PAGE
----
Press release

How do Prairie communities best manage climate change challenges?

December 15, 2004

IISD, PFRA and NRI launch Adaptation as Resilience Building project

WINNIPEG — IISD has launched a new project in partnership with the Prairie Farm Rehabilitation Administration (PFRA—the rural extension service of Agriculture and Agri-Food Canada that has from its inception in the aftermath of the "dirty 30s," built adaptive capacity among farmers and farm communities to cope with climate stress), and the Centre for Community Based Resource Management at the University of Manitoba's Natural Resources Institute.

This-two year, $300,000 project is funded through the Canada's Climate Change Action Fund and will examine the resilience of prairie communities to past climate stresses as the basis for adaptation to future climate change.

The project is based on the premise that prairie agroecosystems, or the inter-relationship between social and ecological systems in the prairie region, have been continuously adapting (successfully and unsuccessfully) to historic climate variability.

"By examining successful examples of how agroecosystems have adapted to past climate stress, we believe that we can learn how to promote adaptive capacity and build the resilience of prairie agroecosystems to climate change," explains Dr. Henry David Venema, Director of Sustainable Natural Resources Management at IISD.

The project will undertake a series of case studies in regions of high historic climate stress. Through these carefully selected case studies using GIS analysis of historic climate stresses, the project will explore:

  • why some prairie agroecosystems are resilient to existing climate stress;

  • which existing policies and management practices promote or impede resilience to existing climate stress;

  • how climate resilience can be increased by strengthening adaptive capacity through targeted policy intervention; and,

  • which prairie agroecosystems may be highly vulnerable to future climate change, and which policy interventions are most important in these regions.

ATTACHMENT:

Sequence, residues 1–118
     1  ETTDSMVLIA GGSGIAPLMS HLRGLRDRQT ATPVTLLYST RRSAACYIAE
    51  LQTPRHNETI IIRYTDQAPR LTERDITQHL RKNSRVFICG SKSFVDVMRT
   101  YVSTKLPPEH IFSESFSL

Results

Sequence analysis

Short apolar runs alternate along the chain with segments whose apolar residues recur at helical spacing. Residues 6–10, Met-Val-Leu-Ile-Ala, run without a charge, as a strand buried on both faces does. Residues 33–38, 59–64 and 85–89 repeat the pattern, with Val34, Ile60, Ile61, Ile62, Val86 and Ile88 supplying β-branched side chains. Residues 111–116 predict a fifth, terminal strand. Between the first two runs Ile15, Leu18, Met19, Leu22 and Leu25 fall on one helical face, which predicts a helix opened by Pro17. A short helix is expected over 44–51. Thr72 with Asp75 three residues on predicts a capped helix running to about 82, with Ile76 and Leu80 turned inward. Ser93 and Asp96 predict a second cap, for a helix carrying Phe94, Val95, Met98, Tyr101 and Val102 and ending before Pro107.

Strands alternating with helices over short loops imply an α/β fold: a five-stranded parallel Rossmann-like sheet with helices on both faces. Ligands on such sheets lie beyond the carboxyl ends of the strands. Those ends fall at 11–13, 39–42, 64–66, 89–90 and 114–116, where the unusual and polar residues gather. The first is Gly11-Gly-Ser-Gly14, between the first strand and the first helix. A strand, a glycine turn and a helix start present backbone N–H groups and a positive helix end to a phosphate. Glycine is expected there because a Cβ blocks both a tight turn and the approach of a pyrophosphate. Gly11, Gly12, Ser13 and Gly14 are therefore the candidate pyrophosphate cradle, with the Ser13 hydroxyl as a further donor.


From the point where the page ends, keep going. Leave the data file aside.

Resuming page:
To reach these goals, the project will undertake three main tasks:

  1. A Vulnerability Analysis that will integrate historic climate variability and socio-economic data to identify potential vulnerability "hotspots" for detailed study.

  2. A Resilience Analysis at the farm and community level that will assess existing adaptive capacity and its role in building resilience to climate change, and include a synthesis of current and planned policies that will build resilience to climate change.

  3. An Adaptation Priority Analysis in which future climate scenarios will be integrated with crop and land use models to identify regions where building resilience to climate change may have highest priority.

The primary outcomes of the project will be a deeper understanding of the potential for increasing resilience to climate change on the Canadian prairies and policy recommendations to support this goal.

"Because the project reflects IISD's deep interest in agroecological systems resilience, their varied adaptive capacity, and the underlying policies that promote or impede adaptive capacity I am very confident that the project's research findings will make an important contribution to the design of Canada's evolving Agricultural Policy Framework," Dr. Venema said. "I am also pleased to be working with PFRA and the Centre for Community Based Resource Management on this project. It is great to have such strong partners collaborating on this research."

The project is led by Dr. Venema in collaboration with Dr. Fikret Berkes of the Natural Resources Institute, and Dr. Harvey Hill of PFRA.

About IISD

The International Institute for Sustainable Development (IISD) is an award-winning independent think tank working to accelerate solutions for a stable climate, sustainable resource management, and fair economies. Our work inspires better decisions and sparks meaningful action to help people and the planet thrive. We shine a light on what can be achieved when governments, businesses, non-profits, and communities come together. IISD’s staff of more than 250 experts come from across the globe and from many disciplines. With offices in Winnipeg, Geneva, Ottawa, and Toronto, our work affects lives in nearly 100 countries.